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Jun 17, 2019
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What’s Next for Fit-for-Purpose (F4P) Models?

Nearly a decade ago, Gobburu and Lesko* described three categories of models – empirical, semi-mechanistic and mechanistic. They recognized a continuum of models representing varying degrees of available knowledge on the pharmacology of a new drug candidate. Today, models on this continuum are sometimes referred to as fit-for-purpose (F4P) models to acknowledge that they may only achieve a certain level of model completeness based on current experience, but are adequate for decision-making purposes.

Most of the pharmacometric (PMx) models we develop can be defined as F4P, with “purpose” determined by the sponsor. The purpose only occasionally goes beyond addressing the very particular decision at hand. Once the modeling project is complete, the bits and pieces of assembled knowledge that were not incorporated into the F4P version of the model, may be lost as we move on to the next F4P modeling effort. Only occasionally do these F4P models further develop and evolve into “platform models” with potential applicability beyond the current drug development program.

There are many reasons why F4P modeling stops at a decision-making milestone. Sponsors may be reluctant to pay for further model development once their most pressing needs are addressed. Pharmaceutical R&D itself is fit-for-purpose across departmental divides because regulatory requirements necessarily focus development programs on demonstrating acceptable formulation, efficacy and safety characteristics of drugs. Drug candidates move into late-stage clinical development and completing the phase 3 trials becomes paramount. We use the data coming from these development programs to build our models and generally, the data come first, then the models use what data are available.

To increase the efficiency in model-informed decision making, the F4P modeling approach needs to evolve to maximize knowledge retention and the integration of prior learning. Such evolution is exemplified by mechanistic modeling platforms such as the PBPK modeling and simulation computer software, GastroPlus®, and the quantitative systems pharmacology software for predicting drug-induced liver injury, DILIsym®. These platforms integrate well-established and emerging preclinical and clinical knowledge across development programs in the form of predictive models wherein new information about pharmacology and toxicology is used to improve the models. The incorporation of new knowledge requires the close collaboration between scientists and software designers to continuously improve predictive performance and enable innovative applications in new settings and research contexts.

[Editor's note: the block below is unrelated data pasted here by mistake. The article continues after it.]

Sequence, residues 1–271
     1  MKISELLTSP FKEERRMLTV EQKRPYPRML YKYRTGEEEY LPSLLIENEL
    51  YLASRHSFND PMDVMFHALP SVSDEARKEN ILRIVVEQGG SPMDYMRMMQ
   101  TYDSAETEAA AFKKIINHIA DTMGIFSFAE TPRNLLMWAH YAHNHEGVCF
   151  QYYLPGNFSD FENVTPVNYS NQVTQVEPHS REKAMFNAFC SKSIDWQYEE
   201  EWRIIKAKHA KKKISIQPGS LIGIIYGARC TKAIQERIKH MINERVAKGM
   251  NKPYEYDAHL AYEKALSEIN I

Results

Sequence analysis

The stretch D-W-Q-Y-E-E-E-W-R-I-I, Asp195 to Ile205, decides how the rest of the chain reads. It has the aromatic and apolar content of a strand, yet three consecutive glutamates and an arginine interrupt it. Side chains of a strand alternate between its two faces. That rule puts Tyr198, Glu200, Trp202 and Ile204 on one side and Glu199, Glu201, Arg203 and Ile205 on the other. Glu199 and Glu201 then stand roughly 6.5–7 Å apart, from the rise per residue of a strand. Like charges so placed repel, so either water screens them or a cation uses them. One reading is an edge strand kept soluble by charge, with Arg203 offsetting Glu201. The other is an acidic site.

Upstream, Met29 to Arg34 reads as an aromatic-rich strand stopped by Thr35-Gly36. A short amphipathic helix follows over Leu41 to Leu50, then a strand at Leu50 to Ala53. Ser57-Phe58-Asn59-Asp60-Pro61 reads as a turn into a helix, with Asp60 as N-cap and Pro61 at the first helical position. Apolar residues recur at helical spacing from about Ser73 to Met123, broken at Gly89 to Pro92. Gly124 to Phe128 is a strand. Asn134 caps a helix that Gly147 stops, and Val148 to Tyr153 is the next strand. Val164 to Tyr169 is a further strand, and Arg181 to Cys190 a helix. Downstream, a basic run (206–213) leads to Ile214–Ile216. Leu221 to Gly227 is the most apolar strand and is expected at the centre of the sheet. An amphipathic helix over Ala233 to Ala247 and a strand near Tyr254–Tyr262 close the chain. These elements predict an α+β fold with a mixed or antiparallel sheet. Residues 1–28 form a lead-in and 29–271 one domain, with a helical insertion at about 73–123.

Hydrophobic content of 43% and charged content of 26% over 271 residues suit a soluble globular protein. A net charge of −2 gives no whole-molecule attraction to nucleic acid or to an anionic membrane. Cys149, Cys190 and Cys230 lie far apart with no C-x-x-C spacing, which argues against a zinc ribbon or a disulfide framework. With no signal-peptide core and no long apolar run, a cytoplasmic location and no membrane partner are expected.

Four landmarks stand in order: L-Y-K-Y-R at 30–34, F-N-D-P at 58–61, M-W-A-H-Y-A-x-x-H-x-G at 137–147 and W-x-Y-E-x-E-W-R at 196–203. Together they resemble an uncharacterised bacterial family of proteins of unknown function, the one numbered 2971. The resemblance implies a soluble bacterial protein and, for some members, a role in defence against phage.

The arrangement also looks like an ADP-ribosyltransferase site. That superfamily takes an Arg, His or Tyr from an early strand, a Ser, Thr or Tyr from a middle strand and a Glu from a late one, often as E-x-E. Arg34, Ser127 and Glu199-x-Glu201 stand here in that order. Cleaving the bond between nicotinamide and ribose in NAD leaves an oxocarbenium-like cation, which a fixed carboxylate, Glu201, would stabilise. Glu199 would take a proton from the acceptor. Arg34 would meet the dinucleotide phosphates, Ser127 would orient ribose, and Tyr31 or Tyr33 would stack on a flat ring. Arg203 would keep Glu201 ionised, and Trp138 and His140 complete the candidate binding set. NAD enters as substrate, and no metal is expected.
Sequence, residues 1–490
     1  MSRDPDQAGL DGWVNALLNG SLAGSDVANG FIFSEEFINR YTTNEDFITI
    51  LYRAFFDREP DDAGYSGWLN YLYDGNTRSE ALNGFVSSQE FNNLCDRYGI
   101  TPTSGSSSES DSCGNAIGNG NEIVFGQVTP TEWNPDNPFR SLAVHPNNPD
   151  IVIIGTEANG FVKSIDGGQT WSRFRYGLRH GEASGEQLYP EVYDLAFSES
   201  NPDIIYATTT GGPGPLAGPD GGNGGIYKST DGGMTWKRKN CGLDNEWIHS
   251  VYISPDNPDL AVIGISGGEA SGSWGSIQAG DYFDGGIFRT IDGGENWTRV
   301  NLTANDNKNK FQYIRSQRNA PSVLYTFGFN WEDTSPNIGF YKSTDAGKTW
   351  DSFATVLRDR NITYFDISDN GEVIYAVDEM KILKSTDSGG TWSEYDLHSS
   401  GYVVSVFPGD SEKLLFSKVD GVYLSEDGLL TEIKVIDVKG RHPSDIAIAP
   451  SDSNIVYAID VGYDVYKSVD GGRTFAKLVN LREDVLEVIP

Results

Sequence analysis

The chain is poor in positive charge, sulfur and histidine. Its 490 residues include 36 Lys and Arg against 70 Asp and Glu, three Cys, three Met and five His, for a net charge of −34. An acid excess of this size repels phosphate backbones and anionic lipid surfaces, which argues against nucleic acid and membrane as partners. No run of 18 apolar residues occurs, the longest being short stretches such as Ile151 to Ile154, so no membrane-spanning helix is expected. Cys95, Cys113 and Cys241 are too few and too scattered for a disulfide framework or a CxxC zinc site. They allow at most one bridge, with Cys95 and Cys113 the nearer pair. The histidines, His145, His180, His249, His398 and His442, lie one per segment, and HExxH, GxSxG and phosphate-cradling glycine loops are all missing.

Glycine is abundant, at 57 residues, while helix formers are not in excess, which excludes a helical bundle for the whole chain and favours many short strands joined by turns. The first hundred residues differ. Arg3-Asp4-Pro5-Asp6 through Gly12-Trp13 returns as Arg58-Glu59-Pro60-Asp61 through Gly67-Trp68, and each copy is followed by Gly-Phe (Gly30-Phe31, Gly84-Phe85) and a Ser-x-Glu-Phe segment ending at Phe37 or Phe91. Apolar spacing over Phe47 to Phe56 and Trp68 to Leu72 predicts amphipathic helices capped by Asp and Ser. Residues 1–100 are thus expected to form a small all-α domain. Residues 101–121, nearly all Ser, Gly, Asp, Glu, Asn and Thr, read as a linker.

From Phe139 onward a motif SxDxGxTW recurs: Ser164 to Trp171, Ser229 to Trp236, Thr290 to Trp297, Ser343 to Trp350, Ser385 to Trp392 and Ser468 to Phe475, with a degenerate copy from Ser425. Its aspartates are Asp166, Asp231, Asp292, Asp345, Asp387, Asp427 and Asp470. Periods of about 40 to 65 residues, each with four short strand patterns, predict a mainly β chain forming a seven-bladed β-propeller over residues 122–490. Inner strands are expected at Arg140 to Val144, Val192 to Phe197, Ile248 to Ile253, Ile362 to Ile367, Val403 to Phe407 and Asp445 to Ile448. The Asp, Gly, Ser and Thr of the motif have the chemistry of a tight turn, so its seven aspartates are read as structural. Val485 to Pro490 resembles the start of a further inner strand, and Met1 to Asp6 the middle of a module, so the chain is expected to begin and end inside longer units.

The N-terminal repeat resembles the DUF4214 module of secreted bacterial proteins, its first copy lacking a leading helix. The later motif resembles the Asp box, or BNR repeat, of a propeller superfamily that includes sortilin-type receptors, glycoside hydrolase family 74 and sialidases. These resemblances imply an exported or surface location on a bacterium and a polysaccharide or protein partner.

The semi-mechanistic and empirical models we use in drug development can follow this evolutionary process, but we need to view these F4P models as iterative steps towards greater understanding. Model building in this context is an intensive exercise in knowledge synthesis during an on-going R&D program. Over the course of a typical development program, Cognigen develops F4P models based on the current facts and available data to inform drug development decision making, address regulatory milestones, and aid in the design of subsequent trials. These F4P models represent an important repository of knowledge which can be expanded into platform models with applicability beyond the current drug development program. The cloud-based KIWI™ platform serves a key role in this process by tracking the model refinement process and capturing development team insights and suggested improvements.

Transforming the R&D process

The ability to incorporate new knowledge and improve the predictability and usefulness of tools will be a hallmark of companies embracing model-informed drug discovery and development. At Simulations Plus, we believe that the tools and techniques we develop are transforming the R&D process as we transform data into knowledge to inform drug development decisions.

* Gobburu, J. V. & Lesko, L. J. Quantitative disease, drug, and trial models. Annu Rev Pharmacol Toxicol49, 291-301 (2009).

By Ted Grasela

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